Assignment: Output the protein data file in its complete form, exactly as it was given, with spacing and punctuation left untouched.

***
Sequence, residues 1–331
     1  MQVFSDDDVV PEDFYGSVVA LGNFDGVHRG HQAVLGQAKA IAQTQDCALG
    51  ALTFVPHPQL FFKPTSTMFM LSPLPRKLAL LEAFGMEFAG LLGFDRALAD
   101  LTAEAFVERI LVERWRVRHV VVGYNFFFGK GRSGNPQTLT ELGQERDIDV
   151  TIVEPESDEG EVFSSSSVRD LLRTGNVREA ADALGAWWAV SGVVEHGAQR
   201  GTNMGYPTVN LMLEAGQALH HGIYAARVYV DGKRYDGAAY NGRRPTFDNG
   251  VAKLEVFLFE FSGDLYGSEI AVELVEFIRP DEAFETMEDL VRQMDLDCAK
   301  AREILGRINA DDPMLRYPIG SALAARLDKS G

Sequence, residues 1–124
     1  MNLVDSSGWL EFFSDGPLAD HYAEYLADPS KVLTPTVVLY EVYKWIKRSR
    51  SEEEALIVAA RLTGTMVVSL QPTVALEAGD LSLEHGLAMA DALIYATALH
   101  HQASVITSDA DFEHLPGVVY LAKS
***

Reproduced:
Sequence, residues 1–331
     1  MQVFSDDDVV PEDFYGSVVA LGNFDGVHRG HQAVLGQAKA IAQTQDCALG
    51  ALTFVPHPQL FFKPTSTMFM LSPLPRKLAL LEAFGMEFAG LLGFDRALAD
   101  LTAEAFVERI LVERWRVRHV VVGYNFFFGK GRSGNPQTLT ELGQERDIDV
   151  TIVEPESDEG EVFSSSSVRD LLRTGNVREA ADALGAWWAV SGVVEHGAQR
   201  GTNMGYPTVN LMLEAGQALH HGIYAARVYV DGKRYDGAAY NGRRPTFDNG
   251  VAKLEVFLFE FSGDLYGSEI AVELVEFIRP DEAFETMEDL VRQMDLDCAK
   301  AREILGRINA DDPMLRYPIG SALAARLDKS G

Sequence, residues 1–124
     1  MNLVDSSGWL EFFSDGPLAD HYAEYLADPS KVLTPTVVLY EVYKWIKRSR
    51  SEEEALIVAA RLTGTMVVSL QPTVALEAGD LSLEHGLAMA DALIYATALH
   101  HQASVITSDA DFEHLPGVVY LAKS